There are seven species of panthers forming the Pantherin subfamily group, including Leopard, Jaguar, Tiger, Lion, Spotted Panther, Borneo Spotted Panther, and Snow Leopard. More generally, the word “panther” is used to designate large felines. But no panther is black.
They are actually varieties of leopards, jaguars or pumas that have a color abnormality called melanism (from the Greek “melas” meaning “black”). This genetic mutation causes an excess of pigmentation that gives their coat a black color. It is relatively common, especially in leopards. And it does not seem to be a handicap, because black is a suitable color to camouflage in the jungle. Unlike the white tiger or white lion with a similar phenomenon called leucism or leucitism (from the Greek “leukos” which means “white”) for which the white coat is a disadvantage.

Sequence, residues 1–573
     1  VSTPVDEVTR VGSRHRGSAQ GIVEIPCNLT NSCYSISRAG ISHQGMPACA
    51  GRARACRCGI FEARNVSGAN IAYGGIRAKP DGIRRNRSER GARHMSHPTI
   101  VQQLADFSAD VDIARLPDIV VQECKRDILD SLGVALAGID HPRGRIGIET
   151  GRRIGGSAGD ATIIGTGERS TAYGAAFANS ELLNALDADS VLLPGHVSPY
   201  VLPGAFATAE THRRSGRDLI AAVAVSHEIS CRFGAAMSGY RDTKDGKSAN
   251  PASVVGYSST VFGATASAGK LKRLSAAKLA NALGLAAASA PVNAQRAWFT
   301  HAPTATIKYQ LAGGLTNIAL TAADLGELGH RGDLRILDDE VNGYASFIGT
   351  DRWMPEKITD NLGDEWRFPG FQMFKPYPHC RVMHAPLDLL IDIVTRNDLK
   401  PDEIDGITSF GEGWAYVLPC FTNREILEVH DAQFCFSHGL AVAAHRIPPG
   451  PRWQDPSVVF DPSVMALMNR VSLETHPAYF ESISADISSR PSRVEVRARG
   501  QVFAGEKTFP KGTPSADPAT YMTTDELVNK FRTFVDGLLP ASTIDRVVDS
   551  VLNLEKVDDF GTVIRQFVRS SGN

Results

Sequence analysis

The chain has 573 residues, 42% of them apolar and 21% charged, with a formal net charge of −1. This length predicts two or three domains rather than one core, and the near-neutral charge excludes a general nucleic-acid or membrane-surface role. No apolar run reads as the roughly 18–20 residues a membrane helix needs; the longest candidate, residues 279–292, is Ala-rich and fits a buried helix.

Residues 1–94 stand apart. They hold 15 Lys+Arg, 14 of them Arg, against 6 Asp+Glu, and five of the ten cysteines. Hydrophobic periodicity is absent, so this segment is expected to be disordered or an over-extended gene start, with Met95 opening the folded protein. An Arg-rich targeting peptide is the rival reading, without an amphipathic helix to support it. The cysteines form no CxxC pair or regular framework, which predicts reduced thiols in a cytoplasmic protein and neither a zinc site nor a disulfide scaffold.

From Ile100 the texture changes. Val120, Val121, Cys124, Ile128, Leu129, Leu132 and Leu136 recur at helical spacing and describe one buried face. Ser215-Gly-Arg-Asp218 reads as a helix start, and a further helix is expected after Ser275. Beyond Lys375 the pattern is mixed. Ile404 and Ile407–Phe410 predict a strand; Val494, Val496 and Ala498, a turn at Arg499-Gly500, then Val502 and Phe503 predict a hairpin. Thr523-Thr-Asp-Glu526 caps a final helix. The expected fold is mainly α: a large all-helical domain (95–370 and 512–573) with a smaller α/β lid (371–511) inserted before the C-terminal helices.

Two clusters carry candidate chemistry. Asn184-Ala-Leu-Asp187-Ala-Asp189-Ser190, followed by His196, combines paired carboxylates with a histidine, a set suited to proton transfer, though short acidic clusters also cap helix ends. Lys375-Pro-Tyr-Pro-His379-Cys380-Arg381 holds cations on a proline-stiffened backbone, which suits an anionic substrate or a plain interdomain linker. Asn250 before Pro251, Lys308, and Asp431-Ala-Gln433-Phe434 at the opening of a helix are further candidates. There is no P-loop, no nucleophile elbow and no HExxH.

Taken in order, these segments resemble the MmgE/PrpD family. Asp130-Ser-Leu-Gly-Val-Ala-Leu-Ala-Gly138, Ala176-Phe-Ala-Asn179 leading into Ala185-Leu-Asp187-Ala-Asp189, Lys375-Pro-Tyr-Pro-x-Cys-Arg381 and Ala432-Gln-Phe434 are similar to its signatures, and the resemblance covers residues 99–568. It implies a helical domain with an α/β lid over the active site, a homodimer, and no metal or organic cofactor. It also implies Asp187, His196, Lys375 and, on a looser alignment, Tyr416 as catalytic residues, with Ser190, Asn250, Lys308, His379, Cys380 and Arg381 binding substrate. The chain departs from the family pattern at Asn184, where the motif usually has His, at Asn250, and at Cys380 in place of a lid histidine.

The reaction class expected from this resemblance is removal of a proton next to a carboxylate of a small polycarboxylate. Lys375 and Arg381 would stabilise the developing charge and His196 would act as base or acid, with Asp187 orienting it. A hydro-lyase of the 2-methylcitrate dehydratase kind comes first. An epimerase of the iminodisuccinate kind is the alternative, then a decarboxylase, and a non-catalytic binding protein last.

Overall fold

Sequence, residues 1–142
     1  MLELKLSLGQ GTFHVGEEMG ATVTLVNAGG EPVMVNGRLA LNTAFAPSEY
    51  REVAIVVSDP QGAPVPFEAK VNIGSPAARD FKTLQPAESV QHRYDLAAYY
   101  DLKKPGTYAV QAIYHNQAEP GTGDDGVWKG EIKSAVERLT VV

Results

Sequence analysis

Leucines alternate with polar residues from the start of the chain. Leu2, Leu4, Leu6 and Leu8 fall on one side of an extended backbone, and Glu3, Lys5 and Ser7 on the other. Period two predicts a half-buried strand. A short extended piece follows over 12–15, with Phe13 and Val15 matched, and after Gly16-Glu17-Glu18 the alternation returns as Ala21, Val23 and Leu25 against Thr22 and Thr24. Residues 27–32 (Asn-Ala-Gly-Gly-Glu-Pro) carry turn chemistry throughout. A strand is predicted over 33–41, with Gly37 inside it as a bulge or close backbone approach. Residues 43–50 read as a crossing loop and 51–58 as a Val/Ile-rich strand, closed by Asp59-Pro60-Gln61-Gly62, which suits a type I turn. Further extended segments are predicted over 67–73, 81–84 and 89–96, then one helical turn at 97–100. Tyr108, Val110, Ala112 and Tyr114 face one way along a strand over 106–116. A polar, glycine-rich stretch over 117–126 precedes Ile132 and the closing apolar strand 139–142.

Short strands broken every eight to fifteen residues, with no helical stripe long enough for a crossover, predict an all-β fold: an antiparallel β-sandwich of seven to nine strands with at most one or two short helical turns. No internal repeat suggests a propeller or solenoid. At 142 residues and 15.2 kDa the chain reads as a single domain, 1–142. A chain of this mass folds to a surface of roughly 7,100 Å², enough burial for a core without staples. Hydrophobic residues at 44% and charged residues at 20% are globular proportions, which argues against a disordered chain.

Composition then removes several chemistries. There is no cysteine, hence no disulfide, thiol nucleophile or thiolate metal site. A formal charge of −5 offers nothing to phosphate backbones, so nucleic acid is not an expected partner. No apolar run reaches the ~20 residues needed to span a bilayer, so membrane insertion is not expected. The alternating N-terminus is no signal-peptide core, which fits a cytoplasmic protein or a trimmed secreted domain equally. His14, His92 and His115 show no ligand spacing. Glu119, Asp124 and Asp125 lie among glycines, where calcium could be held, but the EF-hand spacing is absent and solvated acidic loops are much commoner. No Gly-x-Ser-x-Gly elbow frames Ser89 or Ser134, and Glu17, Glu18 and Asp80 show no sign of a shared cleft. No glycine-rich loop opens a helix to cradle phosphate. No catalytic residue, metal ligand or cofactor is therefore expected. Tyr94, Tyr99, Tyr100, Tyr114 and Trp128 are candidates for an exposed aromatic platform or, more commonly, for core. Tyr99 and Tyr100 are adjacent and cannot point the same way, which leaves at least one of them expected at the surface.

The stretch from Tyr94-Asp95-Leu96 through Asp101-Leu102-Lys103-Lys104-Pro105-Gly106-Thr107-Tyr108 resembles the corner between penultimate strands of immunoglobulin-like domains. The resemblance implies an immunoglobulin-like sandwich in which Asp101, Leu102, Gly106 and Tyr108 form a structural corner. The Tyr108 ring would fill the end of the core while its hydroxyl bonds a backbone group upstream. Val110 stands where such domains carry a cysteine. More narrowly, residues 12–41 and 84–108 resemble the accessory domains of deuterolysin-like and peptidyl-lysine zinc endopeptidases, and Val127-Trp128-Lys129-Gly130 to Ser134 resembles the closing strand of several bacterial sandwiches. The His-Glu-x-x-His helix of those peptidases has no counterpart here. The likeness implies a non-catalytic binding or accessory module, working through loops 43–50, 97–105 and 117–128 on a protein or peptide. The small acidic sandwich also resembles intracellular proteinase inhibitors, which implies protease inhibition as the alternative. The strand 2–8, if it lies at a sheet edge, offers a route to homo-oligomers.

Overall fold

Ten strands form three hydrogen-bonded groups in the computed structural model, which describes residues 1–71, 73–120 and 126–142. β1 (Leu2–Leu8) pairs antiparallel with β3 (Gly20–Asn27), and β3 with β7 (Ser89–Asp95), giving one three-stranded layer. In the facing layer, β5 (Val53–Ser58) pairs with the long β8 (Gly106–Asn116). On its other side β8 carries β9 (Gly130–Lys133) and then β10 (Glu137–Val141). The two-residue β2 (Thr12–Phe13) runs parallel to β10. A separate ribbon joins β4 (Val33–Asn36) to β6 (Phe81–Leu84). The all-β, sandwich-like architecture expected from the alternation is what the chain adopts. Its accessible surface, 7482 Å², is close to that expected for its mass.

Other animals may have melanism such as squirrels, wolves, deer, dolphins and even pink flamingos.